Both parties have a financial obligation to support the child(ren) in the State of Ohio. This applies to both married and unmarried parents.
The parties owe child support up to age eighteen (18) or graduation from high school. There are some rare circumstances where a child support order may terminate earlier than age 18. However, they are infrequent and usually have to deal with the fact that the child is emancipated (i.e. married with the consent of the parents, member of the military, etc.). On the other hand, if a child has been determined by a court to be substantially handicapped prior to turning age 18, then a court can order continued support against the parties indefinitely into the future.
A very common question “How much will someone receive or pay in child support?” Child support is calculated in Ohio by using statutory guidelines – based upon the parties’ combined gross income. The court must first determine what the parties’ gross incomes from all sources are. The court will then determine what local taxes are paid by the parties, any mandatory business expenses, any health insurance costs for the child(ren) only and child care costs for the child(ren) only. Once those costs are determined, the court is in a position to establish a child support guideline.
Once the base amount of child support has been decided, the issue of who will be responsible for paying support and should there be any deviations based upon the parenting time or other special obligations that each party has undertaken for the child(ren). Each case is different and it is crucial to understand all of the factors that can impact a court’s child support order. A common misconception is the belief that if there is a shared parenting plan and the parties have the child(ren) equal time – there will be no child support order. That notion is inaccurate in most situations unless the parties are earning almost identical incomes. The question that would be left for the court to determine is what amount of deviation the person paying child support is entitled to. For example, if someone had their child(ren) fifty percent (50%) of the time, then it might be unfair for him/her to pay the full amount of child support.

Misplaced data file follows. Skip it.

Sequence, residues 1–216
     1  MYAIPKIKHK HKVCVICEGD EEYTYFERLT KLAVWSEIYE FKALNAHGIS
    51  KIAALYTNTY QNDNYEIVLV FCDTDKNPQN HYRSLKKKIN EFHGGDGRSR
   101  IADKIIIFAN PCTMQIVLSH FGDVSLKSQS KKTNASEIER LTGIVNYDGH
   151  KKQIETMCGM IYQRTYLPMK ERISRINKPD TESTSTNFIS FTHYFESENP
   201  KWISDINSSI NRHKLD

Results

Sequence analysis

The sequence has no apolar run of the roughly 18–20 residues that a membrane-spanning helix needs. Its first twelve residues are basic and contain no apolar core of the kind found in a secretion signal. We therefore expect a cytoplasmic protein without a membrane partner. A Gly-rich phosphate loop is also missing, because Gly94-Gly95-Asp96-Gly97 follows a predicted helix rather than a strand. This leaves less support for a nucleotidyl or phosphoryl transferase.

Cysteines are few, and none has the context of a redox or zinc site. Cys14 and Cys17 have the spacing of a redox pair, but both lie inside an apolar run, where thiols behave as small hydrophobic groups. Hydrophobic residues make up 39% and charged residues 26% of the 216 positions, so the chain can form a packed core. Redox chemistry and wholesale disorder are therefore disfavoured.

The factors that the court may consider are as follows:
- Special and unusual needs of the child(ren).
- Extraordinary obligations for the minor child(ren) or handicapped child(ren).
- Other court-ordered payments.
- Extended parenting time or extraordinary costs associated with parenting time.
- Significant in-kind contributions from a parent, including, but not limited to, direct payment for lessons, sports equipment, schooling, or clothing.
It is always important to remember that your child(ren) must have their basic needs met. Both parents have a moral and legal obligation to help support the child(ren) that they brought into this world. Child support is one of those obligations.
The payer of support will never be able to get an exact accounting of what his or her child support has gone for. The law does not provide that the payee of support to supply this information. However, when the parties are negotiating the termination of their marriage, the parties can agree that certain expenses will be paid from the child support and that helps to diffuse what could become a contentious situation.
Any issues with respect to the child(ren), whether it is custody, visitation or child support is subject to modification until the child is emancipated. This may be due to loss of employment, or either an increase or decrease in income. The modification can go either way. The courts generally will not entertain a modification of a child support order unless it has been shown that there is a 10% change in the order based upon the parties’ current financial circumstances.
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